At least in the U.S., the discussion of the societal worth/legalization of the sex industry reminds me of the American discussions about alcohol sales/consumption before the enactment of Prohibition. Prohibition did not outlaw the consumption of alcohol; it outlawed only the sale of alcohol in the U.S. except for medicinal purposes, and the measure was meant to curb widespread alcoholism. During Prohibition, Americans could legally buy and operate “port-wine” kits and home-brewing kits and give away the product, and quite a few Americans did. It was only the sale of alcohol that was illegal.

    I bring up Prohibition because I think
    that, in the U.S., the sex industry could be treated like the alcoholic beverage industry (both producers and retailers) and regulated similarly. Consumption of sexual services could be forbidden below a certain age and locations where sexual services are sold could be regulated by zoning, just as counties in the state of Georgia routinely “zone” liquor stores, bars, and restaurants selling alcohol to a specified distance from schools and residential areas. Especially if counties, based on county referenda, could have the option of banning the sale of sex altogether (just as in Georgia, so-called “dry” counties ban the sale of liquor in order to combat locally-widespread alcoholism), social conservatives in America perhaps would be willing to listen to proposals to legalize prostitution, and even reduce the social stigma placed on sex workers if, as a result, sex workers were seen as less of a threat to family life (as noted above).

    Response to Anthony Kennerson’s comments about “yellow journalism” and “gratuitous prurience”:

    The fact that, in the modern West, sex workers are often seen as a threat to family life as noted above, gives misogynistic men a sort of “cultural hook” or cultural platform from which to vent their own misogyny. The sensationalism surrounding Soufiah Yousof also appeals to anti-Muslim and racist sentiment felt by some of the white British males who comprise part of the target audience for the Daily Mail in the U.K.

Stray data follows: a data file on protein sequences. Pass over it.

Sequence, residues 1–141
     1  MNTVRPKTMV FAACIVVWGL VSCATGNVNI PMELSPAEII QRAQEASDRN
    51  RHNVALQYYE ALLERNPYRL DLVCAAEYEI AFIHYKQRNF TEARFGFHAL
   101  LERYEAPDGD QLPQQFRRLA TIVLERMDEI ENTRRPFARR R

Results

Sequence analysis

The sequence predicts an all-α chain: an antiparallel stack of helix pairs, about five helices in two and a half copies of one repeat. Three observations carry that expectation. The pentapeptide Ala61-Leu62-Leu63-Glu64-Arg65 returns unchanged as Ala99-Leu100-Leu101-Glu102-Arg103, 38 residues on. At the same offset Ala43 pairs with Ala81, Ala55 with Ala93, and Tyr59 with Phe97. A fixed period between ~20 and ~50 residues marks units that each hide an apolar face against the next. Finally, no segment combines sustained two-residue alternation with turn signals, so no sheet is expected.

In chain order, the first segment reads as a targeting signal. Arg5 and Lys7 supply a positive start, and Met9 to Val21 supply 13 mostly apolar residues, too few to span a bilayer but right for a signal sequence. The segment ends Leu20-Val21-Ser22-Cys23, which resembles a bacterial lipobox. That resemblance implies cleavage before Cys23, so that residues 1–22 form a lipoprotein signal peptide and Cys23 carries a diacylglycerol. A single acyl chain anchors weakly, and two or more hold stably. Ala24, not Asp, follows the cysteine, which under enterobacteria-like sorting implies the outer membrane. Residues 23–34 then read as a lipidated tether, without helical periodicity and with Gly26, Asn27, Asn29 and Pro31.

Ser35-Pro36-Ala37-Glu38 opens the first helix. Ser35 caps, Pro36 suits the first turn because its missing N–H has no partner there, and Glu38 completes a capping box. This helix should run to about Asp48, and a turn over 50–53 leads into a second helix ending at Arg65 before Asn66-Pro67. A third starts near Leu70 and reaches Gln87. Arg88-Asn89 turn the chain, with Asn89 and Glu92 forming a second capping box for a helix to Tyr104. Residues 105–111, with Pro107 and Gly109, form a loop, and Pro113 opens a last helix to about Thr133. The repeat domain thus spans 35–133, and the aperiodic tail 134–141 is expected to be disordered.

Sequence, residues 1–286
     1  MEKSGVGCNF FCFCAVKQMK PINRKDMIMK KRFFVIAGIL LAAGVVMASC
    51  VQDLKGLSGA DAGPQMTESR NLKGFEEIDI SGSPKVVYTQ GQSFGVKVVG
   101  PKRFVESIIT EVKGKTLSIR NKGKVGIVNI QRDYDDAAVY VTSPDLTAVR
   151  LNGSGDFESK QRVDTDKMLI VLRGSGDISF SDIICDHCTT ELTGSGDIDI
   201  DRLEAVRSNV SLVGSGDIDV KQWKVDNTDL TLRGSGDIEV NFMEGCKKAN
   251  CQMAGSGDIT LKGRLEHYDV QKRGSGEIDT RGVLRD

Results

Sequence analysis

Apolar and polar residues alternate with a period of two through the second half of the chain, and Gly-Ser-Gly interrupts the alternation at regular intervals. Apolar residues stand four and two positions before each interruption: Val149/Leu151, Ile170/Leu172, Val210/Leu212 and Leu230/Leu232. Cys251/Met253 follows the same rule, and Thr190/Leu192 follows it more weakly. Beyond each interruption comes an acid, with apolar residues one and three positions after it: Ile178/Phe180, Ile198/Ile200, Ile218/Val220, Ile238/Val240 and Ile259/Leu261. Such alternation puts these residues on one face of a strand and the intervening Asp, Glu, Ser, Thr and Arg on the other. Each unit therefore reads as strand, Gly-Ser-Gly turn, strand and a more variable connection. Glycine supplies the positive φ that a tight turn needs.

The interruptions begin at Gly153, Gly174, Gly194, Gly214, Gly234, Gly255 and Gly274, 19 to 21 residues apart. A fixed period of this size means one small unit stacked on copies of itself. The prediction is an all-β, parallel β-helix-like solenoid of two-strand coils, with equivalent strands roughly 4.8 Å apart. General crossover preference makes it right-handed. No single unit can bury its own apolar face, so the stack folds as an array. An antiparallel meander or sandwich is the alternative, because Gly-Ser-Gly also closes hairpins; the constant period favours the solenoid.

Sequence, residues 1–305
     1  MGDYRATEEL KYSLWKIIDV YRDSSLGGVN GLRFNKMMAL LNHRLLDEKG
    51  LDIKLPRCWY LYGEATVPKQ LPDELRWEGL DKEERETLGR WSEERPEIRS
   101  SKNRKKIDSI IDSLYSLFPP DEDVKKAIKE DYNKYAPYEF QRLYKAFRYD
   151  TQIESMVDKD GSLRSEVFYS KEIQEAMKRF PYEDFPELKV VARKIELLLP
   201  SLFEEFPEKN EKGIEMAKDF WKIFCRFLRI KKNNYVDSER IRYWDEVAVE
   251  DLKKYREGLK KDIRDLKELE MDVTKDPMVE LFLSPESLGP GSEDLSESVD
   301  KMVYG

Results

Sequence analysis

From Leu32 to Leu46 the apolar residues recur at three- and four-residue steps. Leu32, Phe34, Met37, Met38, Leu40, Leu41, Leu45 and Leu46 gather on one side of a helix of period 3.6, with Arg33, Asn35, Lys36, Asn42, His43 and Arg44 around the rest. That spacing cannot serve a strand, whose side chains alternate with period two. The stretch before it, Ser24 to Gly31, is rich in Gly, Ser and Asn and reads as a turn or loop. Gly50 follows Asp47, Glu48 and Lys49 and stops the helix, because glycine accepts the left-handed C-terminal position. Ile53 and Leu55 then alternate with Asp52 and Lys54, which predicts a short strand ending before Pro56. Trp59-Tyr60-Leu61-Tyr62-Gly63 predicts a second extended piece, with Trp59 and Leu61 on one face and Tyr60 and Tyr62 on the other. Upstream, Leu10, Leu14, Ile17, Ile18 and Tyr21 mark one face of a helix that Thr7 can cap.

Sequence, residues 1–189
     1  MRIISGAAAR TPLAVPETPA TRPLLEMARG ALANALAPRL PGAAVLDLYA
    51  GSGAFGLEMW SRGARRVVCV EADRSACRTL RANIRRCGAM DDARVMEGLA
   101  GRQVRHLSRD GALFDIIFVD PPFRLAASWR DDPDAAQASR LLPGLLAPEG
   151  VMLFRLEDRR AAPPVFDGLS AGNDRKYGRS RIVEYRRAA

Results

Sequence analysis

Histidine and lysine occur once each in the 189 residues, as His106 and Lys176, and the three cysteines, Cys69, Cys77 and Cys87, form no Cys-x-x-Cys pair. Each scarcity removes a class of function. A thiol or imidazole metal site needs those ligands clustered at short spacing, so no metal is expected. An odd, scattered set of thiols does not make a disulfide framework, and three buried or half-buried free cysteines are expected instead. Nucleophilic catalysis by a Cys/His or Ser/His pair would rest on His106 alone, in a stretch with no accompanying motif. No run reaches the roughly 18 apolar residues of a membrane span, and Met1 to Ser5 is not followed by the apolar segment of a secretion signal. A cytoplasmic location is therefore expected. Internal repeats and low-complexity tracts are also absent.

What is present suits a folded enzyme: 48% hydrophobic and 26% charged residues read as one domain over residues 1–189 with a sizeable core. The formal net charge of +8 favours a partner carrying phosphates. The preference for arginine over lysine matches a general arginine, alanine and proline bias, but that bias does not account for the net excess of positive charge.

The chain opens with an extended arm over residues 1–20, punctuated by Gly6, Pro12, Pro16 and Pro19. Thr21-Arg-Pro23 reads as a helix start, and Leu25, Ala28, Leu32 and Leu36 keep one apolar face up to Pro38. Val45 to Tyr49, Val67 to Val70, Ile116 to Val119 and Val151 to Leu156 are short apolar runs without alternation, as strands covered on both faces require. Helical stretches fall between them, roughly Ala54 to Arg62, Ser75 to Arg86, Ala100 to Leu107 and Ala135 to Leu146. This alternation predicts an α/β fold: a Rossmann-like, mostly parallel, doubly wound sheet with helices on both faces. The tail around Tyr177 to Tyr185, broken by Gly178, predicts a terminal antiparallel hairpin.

This is pretty obvious stuff, and I’m sorry for the long post, but I wanted to point out that, as long as sex workers are perceived as a threat to family life, “societal scorn” will be unabated. In the U.S., it might be possible to reduce this perceived threat to family life by regulating the sex industry, like the alcohol industry, on a county-by-county basis, and by reducing the perceived threat at least somewhat reduce the societal scorn.

    Sorry again for the long post. Thanks for putting up with my posts.

  30. James Stanhope
    Posted April 13, 2008 at 1:30 am | Permalink

    As a follow-up to my comments about legalizing prostitution, I call attention to an article by Cathy Young entitled “Prostitutes and Politics: Why is it still illegal to pay for sex?,” dated May 7, 2007, in Reason Magazine online at

    In an online comment to that article by commenter “Neu Mejican” on 05/07/2007 timed 5:12 p.m., the situation of Turkey’s legalized and regulated prostitution is discussed, noting that despite legalization/regulation, abuse of women and children in Turkish brothels is still a serious problem, and Neu Mejican notes that a prior cultural context is probably required in which prostitutes already enjoy a modicum of safety — in other words, legalization by itself does not necessarily change negative public perceptions of prostitutes.

    The online commentary to Cathy Young’s article varies widely in quality, but it’s worth reading, as is Cathy Young’s article.